Star Wars returns for Christmas.
His colleagues were supposed to keep things on track but, as I reported in January, they failed.
Now with a new director with no background in Star Trek or science fiction and a pair of new writers including actor Simon Pegg -- who plays Scottie -- cramming to deliver a finished screenplay by June, things are looking very uneven for next year's 50th anniversary Star Trek film, still officially scheduled for July 8, 2016.
Meanwhile, with 11 hit films since 2008 already out, there's not much doubt about Marvel's ability to pull off its plans. I don't know yet how July's Ant-Man fits into the emerging overall Marvelverse mythos, but the film that will follow it -- and which will build on the events of Avengers: Age of Ultron -- which is Captain America: Civil War, goes into production this month for release in May 2016. A pretty tight turnaround, but the team around the Captain America films has it going now.
Last year's brilliant Captain America: The Winter Soldier -- which dealt in thinly veiled fashion with our surveillance state and drone strike programs -- vaulted Captain America, least current of the four major Avengers starting out -- into the top rank of cinematic superheroes and set up the events which will unfold in the second Avengers film. (It was also third at the domestic box office of films in general release last year, with Marvel stablemate Guardians of the Galaxy, not yet linked into the overall narrative, but that's coming, a surprise second.)
By the end of Captain America: The Winter Soldier, as I discussed last year, Cap -- the World War II super-soldier, a man out of time with his '40s American ethics -- has brought down SHIELD, the transnational intelligence and security organization that sponsored the Avengers in the first place. For it was not only caught up in post-9/11 style shortcuts in the name of security, it had also been taken over by a cabal of latter-day Nazis, and their fellow travelers, who infiltrated the agency when they were brought to America after World War II. For decades, they worked covertly to make the world more unstable in order to gain support for their security state agenda. And their leader, seduced by opportunism and ideology, turned out to be the charming liberal former U.S. secretary of state played by screen legend Robert Redford. Who of course played the exact opposite role in the great conspiracy thrillers of the 1970s.
So in the new Avengers film, the Avengers themselves are trying to pick up the needed slack in the absence of SHIELD. And Tony Stark/Iron Man, the genius technologist we met in the first of these Marvelverse movies in 2008, having shed his cynicism over the series, tries to use advanced technology to solve the problem. It does not go well. This marks a turning point in the Marvelverse.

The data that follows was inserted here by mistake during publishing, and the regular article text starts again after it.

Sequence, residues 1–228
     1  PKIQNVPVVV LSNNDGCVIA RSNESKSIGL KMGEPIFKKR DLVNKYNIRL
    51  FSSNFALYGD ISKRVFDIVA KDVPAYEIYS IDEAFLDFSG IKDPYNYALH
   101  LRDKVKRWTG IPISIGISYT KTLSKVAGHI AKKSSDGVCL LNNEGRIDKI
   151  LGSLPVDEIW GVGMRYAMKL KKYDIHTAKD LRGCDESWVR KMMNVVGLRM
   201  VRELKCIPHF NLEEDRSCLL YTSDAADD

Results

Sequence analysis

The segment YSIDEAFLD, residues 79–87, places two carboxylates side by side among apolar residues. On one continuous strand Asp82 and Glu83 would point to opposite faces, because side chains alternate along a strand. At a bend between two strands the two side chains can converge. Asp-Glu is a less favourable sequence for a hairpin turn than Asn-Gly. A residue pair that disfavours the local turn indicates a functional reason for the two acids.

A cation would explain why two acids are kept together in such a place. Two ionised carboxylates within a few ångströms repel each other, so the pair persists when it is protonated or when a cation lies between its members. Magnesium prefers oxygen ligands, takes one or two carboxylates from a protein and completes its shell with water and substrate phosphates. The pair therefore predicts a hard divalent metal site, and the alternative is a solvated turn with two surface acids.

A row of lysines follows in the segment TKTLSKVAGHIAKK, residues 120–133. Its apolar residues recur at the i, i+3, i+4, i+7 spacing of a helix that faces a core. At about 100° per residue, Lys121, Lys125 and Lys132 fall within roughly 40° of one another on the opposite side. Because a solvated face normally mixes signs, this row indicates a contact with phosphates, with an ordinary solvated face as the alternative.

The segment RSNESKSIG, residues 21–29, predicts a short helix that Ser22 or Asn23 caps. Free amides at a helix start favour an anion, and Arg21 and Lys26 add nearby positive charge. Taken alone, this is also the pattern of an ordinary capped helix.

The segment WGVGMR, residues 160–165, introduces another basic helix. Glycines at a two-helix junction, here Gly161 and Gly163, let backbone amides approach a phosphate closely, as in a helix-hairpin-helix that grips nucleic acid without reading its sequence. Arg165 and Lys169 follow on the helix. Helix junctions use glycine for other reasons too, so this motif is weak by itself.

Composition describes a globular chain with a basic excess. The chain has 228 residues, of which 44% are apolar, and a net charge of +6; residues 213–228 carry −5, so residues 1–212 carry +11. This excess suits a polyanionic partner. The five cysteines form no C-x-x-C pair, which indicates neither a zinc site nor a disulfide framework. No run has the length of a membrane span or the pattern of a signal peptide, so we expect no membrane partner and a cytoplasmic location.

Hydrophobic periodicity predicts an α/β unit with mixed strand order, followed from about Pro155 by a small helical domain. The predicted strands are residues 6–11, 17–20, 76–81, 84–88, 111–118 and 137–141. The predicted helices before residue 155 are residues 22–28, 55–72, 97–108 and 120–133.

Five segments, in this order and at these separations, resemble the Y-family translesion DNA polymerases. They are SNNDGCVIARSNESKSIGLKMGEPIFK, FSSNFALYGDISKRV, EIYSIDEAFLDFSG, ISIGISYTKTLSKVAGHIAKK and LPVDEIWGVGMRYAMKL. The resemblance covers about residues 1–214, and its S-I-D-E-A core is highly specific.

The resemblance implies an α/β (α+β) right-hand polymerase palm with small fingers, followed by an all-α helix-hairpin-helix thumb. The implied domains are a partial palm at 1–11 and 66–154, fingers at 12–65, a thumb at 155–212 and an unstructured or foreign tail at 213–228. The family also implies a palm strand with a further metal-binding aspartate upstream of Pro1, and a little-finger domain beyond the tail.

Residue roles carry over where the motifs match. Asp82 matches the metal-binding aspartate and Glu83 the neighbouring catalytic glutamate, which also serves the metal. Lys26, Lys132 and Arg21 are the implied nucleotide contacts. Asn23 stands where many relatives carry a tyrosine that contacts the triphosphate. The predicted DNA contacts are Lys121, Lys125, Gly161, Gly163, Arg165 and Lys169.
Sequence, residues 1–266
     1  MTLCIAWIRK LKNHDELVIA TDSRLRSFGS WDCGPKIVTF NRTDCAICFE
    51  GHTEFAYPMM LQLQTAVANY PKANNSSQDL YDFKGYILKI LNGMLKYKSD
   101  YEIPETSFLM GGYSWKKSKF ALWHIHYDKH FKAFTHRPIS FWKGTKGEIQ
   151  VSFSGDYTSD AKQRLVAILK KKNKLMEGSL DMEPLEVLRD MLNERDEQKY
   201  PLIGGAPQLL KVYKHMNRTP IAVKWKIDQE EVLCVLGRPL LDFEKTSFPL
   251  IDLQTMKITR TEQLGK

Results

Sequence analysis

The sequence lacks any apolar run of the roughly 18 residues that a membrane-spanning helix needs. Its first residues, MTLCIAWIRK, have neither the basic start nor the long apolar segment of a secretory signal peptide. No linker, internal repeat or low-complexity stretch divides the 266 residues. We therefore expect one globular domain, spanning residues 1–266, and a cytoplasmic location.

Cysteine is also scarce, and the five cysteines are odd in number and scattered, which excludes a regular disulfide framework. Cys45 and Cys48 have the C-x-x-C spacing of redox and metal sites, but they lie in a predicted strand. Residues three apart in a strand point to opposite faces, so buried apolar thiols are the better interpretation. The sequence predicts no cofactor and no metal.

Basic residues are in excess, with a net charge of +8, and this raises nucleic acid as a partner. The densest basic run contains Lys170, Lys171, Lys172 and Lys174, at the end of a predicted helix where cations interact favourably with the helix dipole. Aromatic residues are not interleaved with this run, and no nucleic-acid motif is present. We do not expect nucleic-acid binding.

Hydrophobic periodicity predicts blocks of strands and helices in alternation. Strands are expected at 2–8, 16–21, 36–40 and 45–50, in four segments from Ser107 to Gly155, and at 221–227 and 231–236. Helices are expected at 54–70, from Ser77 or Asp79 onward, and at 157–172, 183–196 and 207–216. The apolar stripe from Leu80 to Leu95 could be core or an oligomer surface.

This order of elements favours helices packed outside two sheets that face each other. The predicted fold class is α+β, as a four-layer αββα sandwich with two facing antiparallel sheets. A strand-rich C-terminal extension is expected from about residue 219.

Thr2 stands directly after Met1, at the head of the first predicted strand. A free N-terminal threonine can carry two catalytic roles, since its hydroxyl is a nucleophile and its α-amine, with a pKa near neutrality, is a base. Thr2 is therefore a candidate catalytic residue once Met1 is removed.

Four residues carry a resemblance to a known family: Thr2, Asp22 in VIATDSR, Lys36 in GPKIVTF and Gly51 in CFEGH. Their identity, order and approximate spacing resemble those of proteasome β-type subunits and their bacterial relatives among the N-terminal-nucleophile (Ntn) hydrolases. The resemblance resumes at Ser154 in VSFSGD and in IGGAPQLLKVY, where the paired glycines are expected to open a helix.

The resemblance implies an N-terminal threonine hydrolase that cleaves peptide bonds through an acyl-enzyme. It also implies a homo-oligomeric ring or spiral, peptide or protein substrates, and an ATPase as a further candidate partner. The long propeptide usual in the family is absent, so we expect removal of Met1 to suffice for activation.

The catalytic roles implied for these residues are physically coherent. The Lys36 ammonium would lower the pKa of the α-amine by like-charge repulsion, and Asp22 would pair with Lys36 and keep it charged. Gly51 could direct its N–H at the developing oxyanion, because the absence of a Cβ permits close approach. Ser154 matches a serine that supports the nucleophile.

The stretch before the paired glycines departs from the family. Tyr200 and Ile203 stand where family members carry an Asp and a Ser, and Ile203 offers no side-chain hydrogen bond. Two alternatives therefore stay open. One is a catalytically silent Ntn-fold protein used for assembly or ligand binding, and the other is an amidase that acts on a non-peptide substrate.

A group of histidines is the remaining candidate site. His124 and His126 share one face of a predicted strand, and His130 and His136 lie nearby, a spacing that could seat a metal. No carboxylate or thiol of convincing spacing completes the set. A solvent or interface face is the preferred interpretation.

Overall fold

From the beginning, the politics of the Marvelverse has been what I call "up-wing." Not so much conventionally left-wing or right-wing but oriented to the future rather than the past in terms of looking to uplift civilization through new technologies and social innovations. Which in the skew chart with left/right and future/past axes developed decades ago by my old friend and boss Senator Gary Hart runs upward along the future/past axis.
The dark side of advanced technology has always been there -- see Tony Stark's arms dealer past -- but in the more brightly-hued scifi version of today's world that is the Marvelverse, technology developed for good purposes may be glitchy (like Howard Stark's flying car), but it is not the cause of societal problems. Ultron is not like that.
More discord and disunity are on the way next spring in Captain America: Civil War. Which will see, in the presidential election year, Steve Rogers/Captain America and Tony Stark/Iron Man squaring off against each other over issues of political control, accountability, and liberty. There's a specific storyline in the comics on this, but I expect it will be altered and updated.
The first Avengers film, way back in 2012, turned out to be the third biggest film of all time in domestic and worldwide box office. (Behind James Cameron's Avatar and Titanic.) It bested Skyfall and the conclusion of Christopher Nolan's Dark Knight Trilogy that year. It was a much more joyous film than Dark Knight Rises which, despite its happy ending, was a leading exemplar of the dark trend in superhero films. The Avengers was much more joyous than that, for all its world-saving stakes. Its enemy was, after all, from outer space. If there were things to be suspicious about here on Earth, they could be swept aside in the all-for-one requirements of the moment.
So it will be interesting to see how Avengers 2 does as its "up-wing" nature turns more downbeat, due much more to problems within than without. I think it will be the biggest film of the year, Star Wars notwithstanding. The Marvelverse mythos is much more current and pertinent than that which happened "a long time ago, far far away." But whether or not it bests its predecessor is a more open question.